A new method for replicating DNA in the lab, named COMPAS-PCR, short for COMplementary Primer Asymmetric PCR, has been developed by scientists at the Norwegian Institute for Water Research.
Analyzing DNA is useful for a number of vital applications. This includes diagnosis and monitoring of diseases, identification of criminals, and studying the function of a targeted segment of DNA. However, methods used for analyses often require more DNA than may be available in a typical sample.
Therefore, amplification, or creating large numbers of copies, is necessary. But it is not always straightforward.
The most widely used amplification or photocopying method is the polymerase chain reaction (PCR). A new PCR method could help the amplification process, and thus develop robust assays that previously would not have been possible.
Credit: Christoph Bock, Max Planck Institute
Deoxyribonucleic acid (DNA) is a molecule found in the nucleus of cells and carries the ‘instructions’ for the development and functioning of living organisms. It is often compared to a set of blueprints since it contains the instructions needed to build cells. These instructions are divided into segments along a strand of DNA.
DNA is made up of a double helix of two complementary strands made of nucleotides, a structure often compared to a ladder. When it is time to replicate, the two DNA strands – or ‘sides’ of the ladder- unwind and separate.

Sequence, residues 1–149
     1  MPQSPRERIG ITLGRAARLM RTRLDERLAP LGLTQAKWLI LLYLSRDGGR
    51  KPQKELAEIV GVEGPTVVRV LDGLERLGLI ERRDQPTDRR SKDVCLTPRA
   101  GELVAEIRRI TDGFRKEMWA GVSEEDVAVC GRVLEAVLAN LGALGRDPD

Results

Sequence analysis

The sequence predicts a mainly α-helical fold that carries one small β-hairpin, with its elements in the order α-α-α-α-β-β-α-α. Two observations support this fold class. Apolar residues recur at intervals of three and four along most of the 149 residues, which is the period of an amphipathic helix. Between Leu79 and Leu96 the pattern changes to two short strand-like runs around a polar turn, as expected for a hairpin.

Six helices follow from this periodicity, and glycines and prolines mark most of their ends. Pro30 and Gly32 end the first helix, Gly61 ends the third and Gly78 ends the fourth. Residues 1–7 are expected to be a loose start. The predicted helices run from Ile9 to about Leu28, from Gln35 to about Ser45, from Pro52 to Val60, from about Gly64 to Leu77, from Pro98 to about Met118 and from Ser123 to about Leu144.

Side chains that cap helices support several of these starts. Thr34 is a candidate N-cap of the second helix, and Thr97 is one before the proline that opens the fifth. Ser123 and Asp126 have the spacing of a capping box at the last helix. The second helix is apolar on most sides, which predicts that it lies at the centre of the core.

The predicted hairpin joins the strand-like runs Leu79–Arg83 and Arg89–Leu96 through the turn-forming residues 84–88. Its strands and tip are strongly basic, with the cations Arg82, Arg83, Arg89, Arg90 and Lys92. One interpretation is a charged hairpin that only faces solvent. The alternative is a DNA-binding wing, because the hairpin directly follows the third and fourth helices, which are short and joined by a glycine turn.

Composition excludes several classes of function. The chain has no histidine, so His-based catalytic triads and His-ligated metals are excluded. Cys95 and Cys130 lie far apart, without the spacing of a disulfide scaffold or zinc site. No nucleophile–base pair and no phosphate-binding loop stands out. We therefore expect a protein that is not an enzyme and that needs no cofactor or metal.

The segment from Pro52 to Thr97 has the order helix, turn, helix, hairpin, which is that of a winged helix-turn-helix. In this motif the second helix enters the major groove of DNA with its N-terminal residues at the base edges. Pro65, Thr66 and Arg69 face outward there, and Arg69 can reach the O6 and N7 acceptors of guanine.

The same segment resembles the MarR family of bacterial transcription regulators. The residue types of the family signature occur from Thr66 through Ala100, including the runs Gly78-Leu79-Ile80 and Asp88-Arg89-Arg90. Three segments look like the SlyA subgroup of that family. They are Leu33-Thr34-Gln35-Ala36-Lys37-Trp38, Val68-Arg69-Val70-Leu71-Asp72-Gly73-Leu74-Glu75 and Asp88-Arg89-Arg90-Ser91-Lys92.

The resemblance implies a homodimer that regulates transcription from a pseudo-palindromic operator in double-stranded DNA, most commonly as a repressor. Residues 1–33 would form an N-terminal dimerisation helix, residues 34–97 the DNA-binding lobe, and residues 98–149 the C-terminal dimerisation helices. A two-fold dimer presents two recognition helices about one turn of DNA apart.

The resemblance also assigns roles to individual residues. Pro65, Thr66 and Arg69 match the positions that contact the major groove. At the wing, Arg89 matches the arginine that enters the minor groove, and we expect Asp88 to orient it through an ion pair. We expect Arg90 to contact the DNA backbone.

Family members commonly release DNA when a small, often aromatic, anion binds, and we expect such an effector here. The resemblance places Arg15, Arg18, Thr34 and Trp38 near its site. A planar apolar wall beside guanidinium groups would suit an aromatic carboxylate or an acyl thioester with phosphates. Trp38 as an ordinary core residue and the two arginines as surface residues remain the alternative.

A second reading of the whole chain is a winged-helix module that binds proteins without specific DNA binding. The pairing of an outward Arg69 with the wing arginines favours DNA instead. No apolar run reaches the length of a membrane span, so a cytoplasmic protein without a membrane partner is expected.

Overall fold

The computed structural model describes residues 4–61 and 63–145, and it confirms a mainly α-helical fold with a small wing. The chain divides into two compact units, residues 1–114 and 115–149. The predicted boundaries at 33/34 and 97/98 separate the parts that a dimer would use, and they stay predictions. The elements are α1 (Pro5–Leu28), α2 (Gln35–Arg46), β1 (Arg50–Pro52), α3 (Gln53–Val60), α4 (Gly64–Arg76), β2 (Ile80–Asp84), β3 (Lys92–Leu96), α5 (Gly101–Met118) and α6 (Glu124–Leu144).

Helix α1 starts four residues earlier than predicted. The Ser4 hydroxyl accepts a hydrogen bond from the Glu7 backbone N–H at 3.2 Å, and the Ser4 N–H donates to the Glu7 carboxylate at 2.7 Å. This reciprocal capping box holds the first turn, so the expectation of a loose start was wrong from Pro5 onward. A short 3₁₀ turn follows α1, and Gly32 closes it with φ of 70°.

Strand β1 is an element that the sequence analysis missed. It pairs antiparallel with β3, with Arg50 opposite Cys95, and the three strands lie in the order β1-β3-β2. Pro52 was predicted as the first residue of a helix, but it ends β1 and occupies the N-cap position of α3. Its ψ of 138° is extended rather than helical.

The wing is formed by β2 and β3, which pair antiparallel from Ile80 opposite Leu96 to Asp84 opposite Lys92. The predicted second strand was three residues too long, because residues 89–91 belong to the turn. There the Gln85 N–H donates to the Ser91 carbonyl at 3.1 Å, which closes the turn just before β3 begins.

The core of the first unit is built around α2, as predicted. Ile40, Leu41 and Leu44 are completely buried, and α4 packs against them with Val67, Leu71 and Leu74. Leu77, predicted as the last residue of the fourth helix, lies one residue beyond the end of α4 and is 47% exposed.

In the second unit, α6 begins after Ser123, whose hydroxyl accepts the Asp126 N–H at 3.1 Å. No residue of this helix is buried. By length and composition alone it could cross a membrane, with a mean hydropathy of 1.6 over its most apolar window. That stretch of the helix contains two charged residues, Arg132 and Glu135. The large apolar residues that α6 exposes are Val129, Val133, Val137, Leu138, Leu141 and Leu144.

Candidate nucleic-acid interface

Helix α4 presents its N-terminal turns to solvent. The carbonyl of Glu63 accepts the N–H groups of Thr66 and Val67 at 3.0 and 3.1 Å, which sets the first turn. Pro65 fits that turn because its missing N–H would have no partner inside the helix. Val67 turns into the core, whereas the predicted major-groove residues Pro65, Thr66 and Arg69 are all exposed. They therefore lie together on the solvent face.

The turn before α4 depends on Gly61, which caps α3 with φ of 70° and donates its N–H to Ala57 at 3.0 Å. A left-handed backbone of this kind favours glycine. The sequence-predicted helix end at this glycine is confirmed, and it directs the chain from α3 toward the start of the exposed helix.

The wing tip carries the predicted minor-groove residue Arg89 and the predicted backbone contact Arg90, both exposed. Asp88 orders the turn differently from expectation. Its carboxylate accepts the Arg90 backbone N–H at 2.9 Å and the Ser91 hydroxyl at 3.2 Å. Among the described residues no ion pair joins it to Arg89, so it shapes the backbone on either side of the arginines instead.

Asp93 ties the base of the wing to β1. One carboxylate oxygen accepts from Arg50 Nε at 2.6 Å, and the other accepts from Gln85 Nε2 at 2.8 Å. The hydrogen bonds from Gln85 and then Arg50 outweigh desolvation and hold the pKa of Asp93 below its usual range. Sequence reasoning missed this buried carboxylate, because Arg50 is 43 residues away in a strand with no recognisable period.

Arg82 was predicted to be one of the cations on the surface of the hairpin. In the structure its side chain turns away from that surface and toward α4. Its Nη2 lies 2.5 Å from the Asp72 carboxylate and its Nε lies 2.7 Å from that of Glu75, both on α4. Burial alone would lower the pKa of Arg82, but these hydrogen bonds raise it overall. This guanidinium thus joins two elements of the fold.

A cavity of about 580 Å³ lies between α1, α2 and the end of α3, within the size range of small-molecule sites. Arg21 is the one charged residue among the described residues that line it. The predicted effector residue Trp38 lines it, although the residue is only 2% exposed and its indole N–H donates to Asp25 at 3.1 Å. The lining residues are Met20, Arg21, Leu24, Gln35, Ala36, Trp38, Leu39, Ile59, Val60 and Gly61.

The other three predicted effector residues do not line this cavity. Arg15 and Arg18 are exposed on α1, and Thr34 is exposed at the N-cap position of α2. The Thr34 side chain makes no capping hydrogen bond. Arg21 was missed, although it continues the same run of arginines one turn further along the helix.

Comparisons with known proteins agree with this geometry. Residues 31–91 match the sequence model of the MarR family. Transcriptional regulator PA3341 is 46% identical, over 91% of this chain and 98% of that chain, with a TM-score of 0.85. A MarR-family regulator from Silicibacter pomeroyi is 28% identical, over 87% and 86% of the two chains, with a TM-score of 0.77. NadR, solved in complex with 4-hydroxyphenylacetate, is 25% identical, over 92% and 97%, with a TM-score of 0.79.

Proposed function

An enzyme called DNA polymerase reads the individual strands and matches complementary bases – the ‘rungs’ of the ladder – to the original strand. New strands are produced on both sides of the original DNA, making two identical DNA double helices composed of one original and one new strand.
This process occurs in all living organisms and is the basis for biological inheritance.
Polymerase Chain Reaction
Replication may also be processed artificially. Sometimes called “molecular photocopying,” the polymerase chain reaction (PCR) is a fast and relatively inexpensive technique used to amplify, or make many copies of, small segments of DNA.
This is necessary because methods used for analyzing DNA or determining the DNA base pair sequence require more DNA than may be in a typical sample. Hence, the goal with PCR is to amplify a specific region of a DNA strand.
To perform PCR, the two strands of the DNA double helix are physically separated by applying high temperature (93-98 °C) in a process called DNA melting.
In the second step, the temperature is lowered and the two DNA strands, now separated, become templates for so-called primers. Primers are short single stranded DNA molecules, complementary to the DNA region targeted for amplification.